How Do I Get Approved for a High-Risk Merchant Account?

High-risk merchants can do the following to improve their odds:

  • Partner with a merchant services provider that specializes in high-risk merchant accounts. They know the ins and outs of navigating the industry as a high-risk merchant and can help you put your best foot forward.
  • Highlight the best features of your business. If you have previous processing history, banks will review this first. Once an individual merchant is reviewed further, a high-risk model may be deemed low risk. The primary factor is a previous processing history showing low chargeback ratios.
  • Write a business plan with information about the individuals involved, their experience, what industry, your plan for generating sales, how you will address market challenges, what sets you apart, and anything else that casts your business in a good light.

Why are Certain MCC Codes High Risk?

Certain MCC codes are designated as high-risk due to their history of higher fraud rates and chargeback ratios. These industries and billing models are categorized as high-risk by default.

4722, Travel Agencies and Tour Operators
Travel arrangements, tours, charters

4812, Telecom Sales and Equipment
Telecommunication devices

4814, Telecom Services
Telecommunication services

4816, Computer Network Services
Internet service providers

4829, Wire Transfers and Money Orders

5122, Drugs, Proprietaries & Sundries

5912, Drug Stores and Pharmacies

5962, Direct Marketing – Travel
Includes discount clubs

5964, Direct Marketing – Catalog
Mail and telephone orders

5966, Direct Marketing – Outbound
Mail and telephone orders

5967, Direct Marketing – Inbound
Telesevices, audio & videotext

5968, Direct Marketing – Subscription
Recurring subscriptions

5969, Direct Marketing – Other
Radio and TV sales

5993, Cigars, Tobacco

7021, Timeshares
Rentals, leases and sales

7273, Adult Dating and Escort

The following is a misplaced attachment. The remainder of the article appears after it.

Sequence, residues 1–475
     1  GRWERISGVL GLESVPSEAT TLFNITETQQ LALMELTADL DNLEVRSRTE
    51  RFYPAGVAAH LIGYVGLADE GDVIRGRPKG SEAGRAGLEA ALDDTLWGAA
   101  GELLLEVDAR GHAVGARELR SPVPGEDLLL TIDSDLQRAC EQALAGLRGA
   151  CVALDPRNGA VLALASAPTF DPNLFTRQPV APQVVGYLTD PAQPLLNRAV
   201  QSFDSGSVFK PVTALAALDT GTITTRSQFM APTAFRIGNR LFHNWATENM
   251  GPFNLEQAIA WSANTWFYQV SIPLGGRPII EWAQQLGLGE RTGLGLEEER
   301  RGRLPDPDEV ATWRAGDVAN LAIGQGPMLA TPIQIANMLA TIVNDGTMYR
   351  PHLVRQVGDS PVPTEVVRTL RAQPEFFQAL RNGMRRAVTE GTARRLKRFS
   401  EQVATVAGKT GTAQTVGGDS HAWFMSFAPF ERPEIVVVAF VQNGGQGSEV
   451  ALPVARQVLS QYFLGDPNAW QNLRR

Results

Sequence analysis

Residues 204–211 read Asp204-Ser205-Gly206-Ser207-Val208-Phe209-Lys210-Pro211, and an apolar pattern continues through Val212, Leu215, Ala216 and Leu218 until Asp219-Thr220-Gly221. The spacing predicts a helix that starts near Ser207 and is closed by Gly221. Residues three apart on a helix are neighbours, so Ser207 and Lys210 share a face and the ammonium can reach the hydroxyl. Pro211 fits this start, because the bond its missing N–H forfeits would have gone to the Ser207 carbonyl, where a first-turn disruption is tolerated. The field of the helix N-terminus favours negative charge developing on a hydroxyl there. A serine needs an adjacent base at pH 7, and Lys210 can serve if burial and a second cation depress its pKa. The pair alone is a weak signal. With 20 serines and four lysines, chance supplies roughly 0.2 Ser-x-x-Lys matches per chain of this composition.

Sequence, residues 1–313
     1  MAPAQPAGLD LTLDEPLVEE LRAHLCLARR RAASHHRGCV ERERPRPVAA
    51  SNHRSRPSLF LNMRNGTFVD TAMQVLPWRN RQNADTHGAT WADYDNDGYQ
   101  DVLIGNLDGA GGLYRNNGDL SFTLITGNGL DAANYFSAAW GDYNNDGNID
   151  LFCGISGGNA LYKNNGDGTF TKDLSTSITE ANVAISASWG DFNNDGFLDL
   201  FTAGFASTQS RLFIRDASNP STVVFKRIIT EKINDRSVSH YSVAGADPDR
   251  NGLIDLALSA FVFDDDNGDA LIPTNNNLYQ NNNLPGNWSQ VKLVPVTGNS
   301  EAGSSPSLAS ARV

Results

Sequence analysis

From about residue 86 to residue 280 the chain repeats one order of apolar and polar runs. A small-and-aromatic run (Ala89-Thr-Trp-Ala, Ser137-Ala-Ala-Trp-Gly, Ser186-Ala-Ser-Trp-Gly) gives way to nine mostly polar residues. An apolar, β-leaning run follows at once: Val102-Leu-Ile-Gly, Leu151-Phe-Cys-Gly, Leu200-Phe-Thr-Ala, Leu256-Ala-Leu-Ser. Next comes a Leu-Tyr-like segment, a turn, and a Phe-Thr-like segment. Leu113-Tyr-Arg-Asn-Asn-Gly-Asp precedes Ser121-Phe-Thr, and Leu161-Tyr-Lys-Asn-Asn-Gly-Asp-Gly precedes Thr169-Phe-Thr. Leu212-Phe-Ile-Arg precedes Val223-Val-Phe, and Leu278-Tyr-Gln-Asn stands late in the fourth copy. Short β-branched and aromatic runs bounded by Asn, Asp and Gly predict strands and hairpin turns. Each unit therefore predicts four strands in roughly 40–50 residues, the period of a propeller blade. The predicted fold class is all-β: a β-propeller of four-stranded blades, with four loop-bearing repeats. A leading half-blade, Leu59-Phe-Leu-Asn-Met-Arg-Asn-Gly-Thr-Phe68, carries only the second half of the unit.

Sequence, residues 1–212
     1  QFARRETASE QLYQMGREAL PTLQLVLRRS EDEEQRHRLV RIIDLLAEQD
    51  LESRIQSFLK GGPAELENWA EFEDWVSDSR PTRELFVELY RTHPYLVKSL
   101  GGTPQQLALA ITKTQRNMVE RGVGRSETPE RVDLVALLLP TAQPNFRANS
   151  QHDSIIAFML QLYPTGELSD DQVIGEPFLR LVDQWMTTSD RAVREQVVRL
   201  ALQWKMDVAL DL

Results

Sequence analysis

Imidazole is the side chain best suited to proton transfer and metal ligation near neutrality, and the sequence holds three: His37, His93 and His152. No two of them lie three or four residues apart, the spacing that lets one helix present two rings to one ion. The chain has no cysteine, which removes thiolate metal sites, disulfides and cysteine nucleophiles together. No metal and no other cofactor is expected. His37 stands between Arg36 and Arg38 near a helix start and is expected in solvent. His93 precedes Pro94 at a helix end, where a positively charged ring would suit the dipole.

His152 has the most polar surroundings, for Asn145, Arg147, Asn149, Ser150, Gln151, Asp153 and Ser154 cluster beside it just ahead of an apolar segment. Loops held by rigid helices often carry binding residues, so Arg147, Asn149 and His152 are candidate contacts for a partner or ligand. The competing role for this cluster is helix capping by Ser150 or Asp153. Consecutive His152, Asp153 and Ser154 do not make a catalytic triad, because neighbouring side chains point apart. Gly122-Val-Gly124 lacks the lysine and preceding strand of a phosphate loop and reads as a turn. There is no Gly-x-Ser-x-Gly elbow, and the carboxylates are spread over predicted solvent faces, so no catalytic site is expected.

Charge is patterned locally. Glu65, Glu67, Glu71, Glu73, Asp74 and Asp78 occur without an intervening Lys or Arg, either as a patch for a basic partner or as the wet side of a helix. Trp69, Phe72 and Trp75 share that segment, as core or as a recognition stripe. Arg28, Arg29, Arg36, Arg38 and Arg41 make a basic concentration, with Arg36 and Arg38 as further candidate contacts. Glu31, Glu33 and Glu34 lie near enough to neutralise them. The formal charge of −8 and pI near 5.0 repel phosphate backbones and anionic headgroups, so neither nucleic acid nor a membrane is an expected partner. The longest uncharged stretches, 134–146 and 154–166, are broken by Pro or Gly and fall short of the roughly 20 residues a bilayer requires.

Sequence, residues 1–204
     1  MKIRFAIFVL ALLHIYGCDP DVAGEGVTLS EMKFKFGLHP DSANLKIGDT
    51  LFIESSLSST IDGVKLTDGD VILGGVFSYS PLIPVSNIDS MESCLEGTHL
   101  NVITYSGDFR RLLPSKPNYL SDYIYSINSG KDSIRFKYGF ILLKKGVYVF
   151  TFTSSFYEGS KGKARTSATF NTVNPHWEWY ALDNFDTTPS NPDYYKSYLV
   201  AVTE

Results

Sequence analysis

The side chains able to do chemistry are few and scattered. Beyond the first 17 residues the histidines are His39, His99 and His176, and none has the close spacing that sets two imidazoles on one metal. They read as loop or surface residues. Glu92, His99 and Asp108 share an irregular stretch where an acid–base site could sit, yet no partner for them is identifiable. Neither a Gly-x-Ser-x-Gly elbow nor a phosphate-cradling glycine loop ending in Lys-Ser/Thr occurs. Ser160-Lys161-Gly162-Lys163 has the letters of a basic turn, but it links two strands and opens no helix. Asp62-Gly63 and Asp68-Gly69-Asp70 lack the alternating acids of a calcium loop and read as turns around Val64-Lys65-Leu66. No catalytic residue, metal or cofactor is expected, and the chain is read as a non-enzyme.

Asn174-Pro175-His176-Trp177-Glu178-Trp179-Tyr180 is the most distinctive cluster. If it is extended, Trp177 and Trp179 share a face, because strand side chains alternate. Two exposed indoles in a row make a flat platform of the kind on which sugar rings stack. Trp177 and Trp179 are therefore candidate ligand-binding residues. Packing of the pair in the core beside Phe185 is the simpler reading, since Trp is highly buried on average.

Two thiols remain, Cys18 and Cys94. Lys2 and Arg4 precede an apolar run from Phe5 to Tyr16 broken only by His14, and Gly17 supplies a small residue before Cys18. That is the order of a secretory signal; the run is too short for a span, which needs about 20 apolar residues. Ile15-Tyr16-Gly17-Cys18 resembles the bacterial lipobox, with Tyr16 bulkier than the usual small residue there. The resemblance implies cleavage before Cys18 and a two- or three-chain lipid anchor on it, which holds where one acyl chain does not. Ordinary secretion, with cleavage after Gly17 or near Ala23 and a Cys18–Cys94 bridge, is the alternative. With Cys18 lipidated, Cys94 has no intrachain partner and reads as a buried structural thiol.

Various dating services

7841, Video Tape Rental Stores
Adult content

7922, Ticketing Agencies
Secondary ticketing

7994, Video Games and Arcades

7995, Betting and Casino Gambling
Online casino, lottery, wagers

9399, Government Services, State Lottery

Should I use a Payment Service Provider?

If you're high-risk, you probably can't.

PayPal and Stripe are some of the most-used PSPs examples and, although expeditious, tend to be favorable only to those deemed low-risk.

A Payment Service Provider (PSP) may seem like an easy option when you want to start accepting online payments without establishing your own merchant account. However, PSPs aggregate transactions from tens, hundreds, or even thousands of different merchants under a single account. Because of this, you will be held to collective responsibility; the misdoings of another merchant can affect all the merchants under that account. Too many chargebacks for one merchant may cause their transactions to be declined, but your transactions to also be declined if you share a MID.

In Conclusion

Having a high-risk designation means your business will be best served by merchant service providers who specialize in high-risk. The right partnership will allow you to continue to conduct business and stay in good standing with your merchant bank once an account has been acquired.

If your business is in a high-risk industry, if your billing or business models are historically high-risk, or if you've already been placed on the MATCH list or TMF, you should be looking at merchant service providers who can guide you to the right merchant bank with a strong application package. High-risk merchant service providers will also be able to help you mitigate risk and monitor any activity that could be flagged on your account. Find out more about high-risk merchant service providers on our high-risk merchant service providers page.